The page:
New research discovers compelling evidence that symptoms associated with attention deficit hyperactivity disorder often persist into adulthood.
In the study, investigators found that sixty percent of children with ADHD demonstrated persistence of symptoms into their mid-20’s, and 41 percent had both symptoms and impairment as young adults.
Experts have often disagreed on the rate of ADHD persistence into adulthood. The variation in opinion is believed to stem from how information is collected and analyzed.
The current study represents a 16-year follow-up of the ‘Multimodal Treatment Study of Children with ADHD (the “MTA”)’. Saliently, researchers utilized a new study methodology to improve accuracy of findings.
Investigators believe the new method — which combines parent and self-reports plus a symptom threshold that is adjusted for adulthood — provides a better assessment of retained symptoms.
“There has been a lot of recent controversy over whether children with ADHD continue to experience symptoms into adulthood,” said Dr. Margaret Sibley, lead author of the¬†Journal of Child Psychology and Psychiatry¬†study.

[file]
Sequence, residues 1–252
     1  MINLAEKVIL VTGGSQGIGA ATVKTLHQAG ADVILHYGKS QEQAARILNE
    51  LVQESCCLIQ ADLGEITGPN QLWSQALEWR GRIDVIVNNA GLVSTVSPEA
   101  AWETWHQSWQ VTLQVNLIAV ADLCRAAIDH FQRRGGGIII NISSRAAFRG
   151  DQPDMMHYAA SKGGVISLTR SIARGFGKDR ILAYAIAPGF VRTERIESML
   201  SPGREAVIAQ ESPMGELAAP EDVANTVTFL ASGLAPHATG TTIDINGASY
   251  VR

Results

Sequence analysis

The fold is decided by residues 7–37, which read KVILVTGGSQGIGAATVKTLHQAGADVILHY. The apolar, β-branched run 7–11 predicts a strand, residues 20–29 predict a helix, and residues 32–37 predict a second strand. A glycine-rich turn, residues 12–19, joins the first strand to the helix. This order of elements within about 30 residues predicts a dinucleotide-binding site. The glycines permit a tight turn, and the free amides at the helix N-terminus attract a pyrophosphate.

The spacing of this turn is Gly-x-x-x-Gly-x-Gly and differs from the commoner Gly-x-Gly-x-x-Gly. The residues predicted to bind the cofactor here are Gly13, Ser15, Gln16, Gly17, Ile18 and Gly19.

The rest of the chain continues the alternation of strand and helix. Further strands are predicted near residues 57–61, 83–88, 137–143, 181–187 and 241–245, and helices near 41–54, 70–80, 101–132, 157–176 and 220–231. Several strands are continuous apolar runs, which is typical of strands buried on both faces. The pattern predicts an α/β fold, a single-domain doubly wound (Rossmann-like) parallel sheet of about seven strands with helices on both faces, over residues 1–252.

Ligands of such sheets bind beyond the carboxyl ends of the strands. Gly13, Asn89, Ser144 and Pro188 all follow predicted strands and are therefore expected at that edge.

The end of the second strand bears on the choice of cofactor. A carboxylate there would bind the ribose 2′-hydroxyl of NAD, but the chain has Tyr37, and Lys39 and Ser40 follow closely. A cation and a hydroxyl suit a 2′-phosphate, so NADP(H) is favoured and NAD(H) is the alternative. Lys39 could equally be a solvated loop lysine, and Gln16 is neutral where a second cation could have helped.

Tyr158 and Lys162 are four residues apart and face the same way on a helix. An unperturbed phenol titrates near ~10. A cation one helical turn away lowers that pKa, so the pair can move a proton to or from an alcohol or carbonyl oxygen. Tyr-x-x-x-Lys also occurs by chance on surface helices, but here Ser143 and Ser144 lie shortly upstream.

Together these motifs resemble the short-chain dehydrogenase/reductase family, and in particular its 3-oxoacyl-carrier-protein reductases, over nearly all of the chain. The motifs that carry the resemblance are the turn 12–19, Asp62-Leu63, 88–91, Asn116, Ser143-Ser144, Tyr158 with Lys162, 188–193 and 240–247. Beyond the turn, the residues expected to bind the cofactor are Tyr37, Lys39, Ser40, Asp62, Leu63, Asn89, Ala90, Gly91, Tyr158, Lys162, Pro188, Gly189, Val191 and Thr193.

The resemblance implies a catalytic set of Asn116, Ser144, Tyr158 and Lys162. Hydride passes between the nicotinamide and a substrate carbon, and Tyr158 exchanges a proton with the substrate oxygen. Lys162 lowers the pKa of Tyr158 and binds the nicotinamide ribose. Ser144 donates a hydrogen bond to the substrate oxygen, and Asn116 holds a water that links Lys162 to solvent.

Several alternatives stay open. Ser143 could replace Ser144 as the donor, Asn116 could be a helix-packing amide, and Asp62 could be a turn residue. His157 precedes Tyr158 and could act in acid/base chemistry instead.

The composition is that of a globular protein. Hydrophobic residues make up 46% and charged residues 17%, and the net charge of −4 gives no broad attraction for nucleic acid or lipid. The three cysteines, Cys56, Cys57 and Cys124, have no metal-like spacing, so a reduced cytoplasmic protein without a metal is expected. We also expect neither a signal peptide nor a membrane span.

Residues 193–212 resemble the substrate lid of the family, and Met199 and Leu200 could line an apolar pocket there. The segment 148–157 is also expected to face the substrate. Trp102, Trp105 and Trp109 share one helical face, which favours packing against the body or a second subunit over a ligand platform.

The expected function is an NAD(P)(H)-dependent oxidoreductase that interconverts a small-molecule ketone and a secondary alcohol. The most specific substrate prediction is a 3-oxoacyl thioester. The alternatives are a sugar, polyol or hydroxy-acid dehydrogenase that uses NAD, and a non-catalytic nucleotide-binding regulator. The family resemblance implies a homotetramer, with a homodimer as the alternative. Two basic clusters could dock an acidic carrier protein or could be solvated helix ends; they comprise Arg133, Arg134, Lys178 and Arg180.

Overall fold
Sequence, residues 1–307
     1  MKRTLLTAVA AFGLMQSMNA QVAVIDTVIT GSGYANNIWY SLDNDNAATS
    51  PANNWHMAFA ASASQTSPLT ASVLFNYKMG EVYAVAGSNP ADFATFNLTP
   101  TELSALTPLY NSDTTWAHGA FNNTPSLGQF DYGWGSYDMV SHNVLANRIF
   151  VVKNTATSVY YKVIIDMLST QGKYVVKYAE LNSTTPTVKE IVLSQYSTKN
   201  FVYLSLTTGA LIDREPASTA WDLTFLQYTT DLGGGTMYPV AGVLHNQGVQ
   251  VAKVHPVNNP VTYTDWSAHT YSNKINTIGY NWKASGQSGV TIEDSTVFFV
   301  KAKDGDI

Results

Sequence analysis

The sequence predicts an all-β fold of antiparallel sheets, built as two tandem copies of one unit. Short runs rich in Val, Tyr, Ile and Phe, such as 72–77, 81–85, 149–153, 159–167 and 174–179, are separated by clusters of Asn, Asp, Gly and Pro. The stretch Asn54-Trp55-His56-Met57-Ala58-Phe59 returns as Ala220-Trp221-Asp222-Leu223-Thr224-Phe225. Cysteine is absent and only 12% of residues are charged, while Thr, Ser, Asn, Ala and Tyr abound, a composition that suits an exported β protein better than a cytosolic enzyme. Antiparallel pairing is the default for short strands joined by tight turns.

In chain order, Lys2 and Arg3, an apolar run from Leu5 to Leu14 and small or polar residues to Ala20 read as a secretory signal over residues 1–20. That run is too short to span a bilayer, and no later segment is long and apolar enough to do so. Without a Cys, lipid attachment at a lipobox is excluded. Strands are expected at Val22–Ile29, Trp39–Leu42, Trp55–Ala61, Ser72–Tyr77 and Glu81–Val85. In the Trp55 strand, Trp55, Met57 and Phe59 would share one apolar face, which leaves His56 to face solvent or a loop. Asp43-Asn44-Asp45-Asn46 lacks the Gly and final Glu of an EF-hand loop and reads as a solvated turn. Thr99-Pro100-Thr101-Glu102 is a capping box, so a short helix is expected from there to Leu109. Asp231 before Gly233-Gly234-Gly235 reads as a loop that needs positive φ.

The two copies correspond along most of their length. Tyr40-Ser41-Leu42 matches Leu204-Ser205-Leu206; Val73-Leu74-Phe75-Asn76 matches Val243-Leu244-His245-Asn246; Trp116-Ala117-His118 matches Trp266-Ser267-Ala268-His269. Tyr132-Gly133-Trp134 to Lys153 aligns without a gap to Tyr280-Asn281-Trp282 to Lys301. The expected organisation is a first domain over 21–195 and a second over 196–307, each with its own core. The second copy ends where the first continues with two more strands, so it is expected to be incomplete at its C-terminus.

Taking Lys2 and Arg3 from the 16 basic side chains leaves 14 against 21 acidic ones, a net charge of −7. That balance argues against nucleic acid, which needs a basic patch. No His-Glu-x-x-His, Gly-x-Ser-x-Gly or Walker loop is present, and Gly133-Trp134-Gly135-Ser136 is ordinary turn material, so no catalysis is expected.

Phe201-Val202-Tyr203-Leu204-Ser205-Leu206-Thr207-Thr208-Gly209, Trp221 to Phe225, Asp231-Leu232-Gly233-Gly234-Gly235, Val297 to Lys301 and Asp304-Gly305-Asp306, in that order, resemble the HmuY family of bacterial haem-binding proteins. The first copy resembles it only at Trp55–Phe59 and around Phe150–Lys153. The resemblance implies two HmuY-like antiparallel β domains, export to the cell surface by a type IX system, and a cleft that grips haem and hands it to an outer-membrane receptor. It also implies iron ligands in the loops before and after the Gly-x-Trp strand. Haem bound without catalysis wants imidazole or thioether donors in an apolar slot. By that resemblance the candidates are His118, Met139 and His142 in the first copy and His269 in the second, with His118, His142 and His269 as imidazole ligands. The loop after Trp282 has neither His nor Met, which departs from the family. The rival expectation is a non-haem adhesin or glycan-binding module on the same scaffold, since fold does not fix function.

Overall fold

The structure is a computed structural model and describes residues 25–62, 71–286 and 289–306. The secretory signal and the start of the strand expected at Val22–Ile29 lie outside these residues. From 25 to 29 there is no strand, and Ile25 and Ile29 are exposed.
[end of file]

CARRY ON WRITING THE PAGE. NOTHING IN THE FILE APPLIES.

“This study found that the way you diagnose ADHD can lead to different conclusions about whether or not an adult still has the disorder that started in childhood.
First, if you ask the adult about their continued symptoms, they will often be unaware of them; however, family members or others who know them well often confirm that they still observe significant symptoms in the adult.”
Dr. Sibley added that if the classic childhood definition of ADHD is used when diagnosing adults, many cases will be missed because symptom presentation changes in adulthood.
“By asking a family member about the adult’s symptoms and using adult-based definitions of the disorder, you typically find that around half of children with moderate to severe ADHD still show significant signs of the disorder in adulthood.”